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Schizophrenia

Schizophrenia is a mental illness that is made up of positive and negative symptoms. This doesn't mean some are good and some are bad, instead it means that some symptoms are things that are there but shouldn't be (positive), and some symptoms are things that are missing but should be there (negative).

Schizophrenia is called a psychotic disorder. This means the people who have it often find it hard to tell the difference between reality and what is in their own mind.

There is a perception in society that people with schizophrenia are dangerous to others. In fact most people with schizophrenia are rarely violent and are more likely to be a danger to themselves, either because they are unable to concentrate on looking after themselves properly, or because they can develop suicidal thoughts.

About 1 in 100 people will have a schizophrenic episode at some point in their lives, and two-thirds of these will go on to have further episodes.

Each person with schizophrenia will have a different combination of symptoms and each symptom might be very specific to that person.

Positive Symptoms

Positive symptoms are things that someone with schizophrenia experiences that most people do not. These tend to be things like delusions, abnormal thinking or hallucinations, but also include changes in speech and behaviour.

Delusions

Delusions are abnormal beliefs that a person holds without any proof. These can be supernatural or magical and are often very unusual. Many experts believe that these beliefs are based on ways of rationalising abnormal perceptions which the person may experience. Delusions vary from person to person, although some similar beliefs can occur in a number of people. For example, a number of people with schizophrenia believe that their loved ones have been replaced by imposters (called Capgras delusion).

Hallucinations

Hallucinations are experiences that a person perceives even though there is nothing really there. In schizophrenia this usually means hearing voices in your mind which are not your own (known as auditory hallucinations). These voices tend to say very negative things and can be quite frightening for the person hearing them. Sometimes the voices will tell a person things that aren't true or may tell the person to do something.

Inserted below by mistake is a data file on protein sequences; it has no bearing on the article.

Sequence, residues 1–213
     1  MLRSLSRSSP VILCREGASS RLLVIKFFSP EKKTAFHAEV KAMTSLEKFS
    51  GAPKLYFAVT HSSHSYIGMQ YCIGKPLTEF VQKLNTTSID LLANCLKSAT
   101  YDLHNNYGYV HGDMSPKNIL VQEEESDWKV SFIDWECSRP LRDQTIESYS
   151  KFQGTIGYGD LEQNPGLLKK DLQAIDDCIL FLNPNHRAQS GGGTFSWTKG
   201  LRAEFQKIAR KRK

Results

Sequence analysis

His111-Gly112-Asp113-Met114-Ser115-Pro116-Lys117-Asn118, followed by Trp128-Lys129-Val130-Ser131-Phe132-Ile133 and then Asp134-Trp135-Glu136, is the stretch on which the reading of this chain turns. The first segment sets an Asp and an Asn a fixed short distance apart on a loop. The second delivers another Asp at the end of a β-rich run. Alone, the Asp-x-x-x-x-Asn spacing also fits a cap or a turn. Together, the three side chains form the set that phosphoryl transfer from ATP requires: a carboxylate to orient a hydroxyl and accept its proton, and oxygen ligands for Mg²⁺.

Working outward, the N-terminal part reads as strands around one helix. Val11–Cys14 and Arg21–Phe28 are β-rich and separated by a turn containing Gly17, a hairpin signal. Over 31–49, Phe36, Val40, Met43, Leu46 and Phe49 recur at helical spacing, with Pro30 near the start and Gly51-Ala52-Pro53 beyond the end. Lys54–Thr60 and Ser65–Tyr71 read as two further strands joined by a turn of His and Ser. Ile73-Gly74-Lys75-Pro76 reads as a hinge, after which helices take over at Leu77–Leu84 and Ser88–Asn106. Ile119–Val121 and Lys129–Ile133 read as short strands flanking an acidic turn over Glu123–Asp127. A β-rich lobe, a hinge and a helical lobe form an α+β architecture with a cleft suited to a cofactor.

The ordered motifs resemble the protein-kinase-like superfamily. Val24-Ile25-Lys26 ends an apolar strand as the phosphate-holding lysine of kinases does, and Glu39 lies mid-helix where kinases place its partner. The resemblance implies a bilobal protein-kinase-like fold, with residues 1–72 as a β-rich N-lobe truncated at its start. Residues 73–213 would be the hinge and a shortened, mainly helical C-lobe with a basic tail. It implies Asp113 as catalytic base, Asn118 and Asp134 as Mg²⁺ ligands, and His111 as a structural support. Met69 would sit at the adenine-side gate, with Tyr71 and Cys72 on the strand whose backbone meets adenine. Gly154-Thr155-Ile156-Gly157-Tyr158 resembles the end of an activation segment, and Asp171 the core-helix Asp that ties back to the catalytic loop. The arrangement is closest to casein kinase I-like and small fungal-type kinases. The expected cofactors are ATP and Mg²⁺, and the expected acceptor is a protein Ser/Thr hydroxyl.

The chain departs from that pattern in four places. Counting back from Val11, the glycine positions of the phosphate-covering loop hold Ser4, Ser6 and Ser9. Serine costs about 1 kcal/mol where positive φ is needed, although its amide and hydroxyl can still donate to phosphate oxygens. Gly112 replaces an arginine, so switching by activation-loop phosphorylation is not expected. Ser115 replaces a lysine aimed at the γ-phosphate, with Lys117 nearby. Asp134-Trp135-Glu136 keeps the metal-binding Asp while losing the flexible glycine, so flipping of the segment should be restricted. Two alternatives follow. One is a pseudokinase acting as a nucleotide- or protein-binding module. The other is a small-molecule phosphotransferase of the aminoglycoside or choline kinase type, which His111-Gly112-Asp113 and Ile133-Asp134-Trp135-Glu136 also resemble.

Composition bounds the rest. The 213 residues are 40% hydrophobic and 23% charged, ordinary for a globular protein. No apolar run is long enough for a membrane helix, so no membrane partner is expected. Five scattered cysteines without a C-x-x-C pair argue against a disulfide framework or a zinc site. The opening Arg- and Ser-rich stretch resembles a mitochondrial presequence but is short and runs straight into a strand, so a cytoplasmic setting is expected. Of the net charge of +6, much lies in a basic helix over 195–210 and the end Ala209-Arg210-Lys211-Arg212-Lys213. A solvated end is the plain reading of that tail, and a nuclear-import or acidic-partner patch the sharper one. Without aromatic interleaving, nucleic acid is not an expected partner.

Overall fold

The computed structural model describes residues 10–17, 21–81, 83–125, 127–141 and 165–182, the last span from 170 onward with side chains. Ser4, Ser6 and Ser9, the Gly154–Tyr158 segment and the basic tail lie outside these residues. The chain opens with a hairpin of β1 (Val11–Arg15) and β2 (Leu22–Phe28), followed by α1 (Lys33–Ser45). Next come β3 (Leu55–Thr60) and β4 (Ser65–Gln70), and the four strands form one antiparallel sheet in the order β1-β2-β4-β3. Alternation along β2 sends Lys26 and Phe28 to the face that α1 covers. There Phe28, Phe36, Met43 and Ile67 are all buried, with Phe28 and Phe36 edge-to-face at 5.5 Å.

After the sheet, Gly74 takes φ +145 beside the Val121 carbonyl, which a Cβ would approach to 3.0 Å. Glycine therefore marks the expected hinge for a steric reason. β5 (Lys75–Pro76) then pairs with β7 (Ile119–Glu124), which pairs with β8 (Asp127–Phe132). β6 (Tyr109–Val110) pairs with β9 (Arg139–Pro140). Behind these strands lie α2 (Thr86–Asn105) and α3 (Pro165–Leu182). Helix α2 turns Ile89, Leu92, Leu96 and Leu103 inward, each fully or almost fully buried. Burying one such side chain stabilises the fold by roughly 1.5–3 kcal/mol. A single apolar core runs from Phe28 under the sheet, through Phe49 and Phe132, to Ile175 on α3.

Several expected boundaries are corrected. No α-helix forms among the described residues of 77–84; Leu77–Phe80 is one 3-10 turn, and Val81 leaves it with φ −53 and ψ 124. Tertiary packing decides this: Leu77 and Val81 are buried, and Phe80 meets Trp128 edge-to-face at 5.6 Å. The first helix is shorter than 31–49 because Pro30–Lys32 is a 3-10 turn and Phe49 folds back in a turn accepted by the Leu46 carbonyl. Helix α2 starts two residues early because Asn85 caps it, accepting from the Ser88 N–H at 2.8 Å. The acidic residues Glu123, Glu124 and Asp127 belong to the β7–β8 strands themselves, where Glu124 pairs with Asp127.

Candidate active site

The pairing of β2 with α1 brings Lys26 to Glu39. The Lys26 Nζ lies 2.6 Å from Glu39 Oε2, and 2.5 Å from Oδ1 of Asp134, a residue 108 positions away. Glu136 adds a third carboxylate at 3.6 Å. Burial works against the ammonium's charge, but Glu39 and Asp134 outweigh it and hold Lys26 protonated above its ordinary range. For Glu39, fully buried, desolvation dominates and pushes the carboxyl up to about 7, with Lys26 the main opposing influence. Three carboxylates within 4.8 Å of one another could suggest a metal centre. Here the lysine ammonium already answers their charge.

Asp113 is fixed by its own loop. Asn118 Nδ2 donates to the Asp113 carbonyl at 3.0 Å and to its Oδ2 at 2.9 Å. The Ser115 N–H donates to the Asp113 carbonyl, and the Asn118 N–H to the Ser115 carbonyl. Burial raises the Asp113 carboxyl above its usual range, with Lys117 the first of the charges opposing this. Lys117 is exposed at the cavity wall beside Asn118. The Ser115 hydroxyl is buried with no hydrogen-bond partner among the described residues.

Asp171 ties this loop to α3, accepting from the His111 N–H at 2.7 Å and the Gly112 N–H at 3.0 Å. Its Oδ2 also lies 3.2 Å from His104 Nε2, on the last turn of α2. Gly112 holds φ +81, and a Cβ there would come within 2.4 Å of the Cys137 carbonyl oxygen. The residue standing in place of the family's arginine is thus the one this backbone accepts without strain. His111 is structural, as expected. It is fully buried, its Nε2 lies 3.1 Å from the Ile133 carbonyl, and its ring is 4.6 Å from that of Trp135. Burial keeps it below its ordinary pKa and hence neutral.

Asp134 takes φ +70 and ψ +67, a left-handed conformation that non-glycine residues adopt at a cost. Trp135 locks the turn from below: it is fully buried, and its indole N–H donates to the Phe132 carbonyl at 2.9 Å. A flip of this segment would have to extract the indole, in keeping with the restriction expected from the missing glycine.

Negative Symptoms

Negative symptoms are characteristics that are missing in a person with schizophrenia that should be found in most people who don't have schizophrenia. These symptoms include a loss of interest and enjoyment in activities, reduced expression of emotion in facial expressions and speech, and a lack of concentration.

The exact causes of schizophrenia are unknown, but research suggests that a combination of physical, genetic, psychological and environmental factors can make people more likely to develop the condition.

Current thinking is that some people may be particularly prone to schizophrenia, and that a stressful or emotional life event might trigger a psychotic episode. However it is not known why some people develop symptoms while others do not..

If you have schizophrenia, or think you might have it, speaking to your GP is important to understand what treatment might work best for your symptoms.

Because schizophrenia is thought to be linked with problems with the balance of chemicals in the brain, there are medications that can help restore this balance and help with some of the symptoms.

As well as medication, people with schizophrenia will sometimes be referred by their GP to have day-to-day help from community mental health teams and may also undertake Cognitive Behavioural Therapy (CBT), family therapy or art therapy. 

 

Other information and advice

Please see the Other information and Advice page for organisations and services that support people with experience of mental health issues.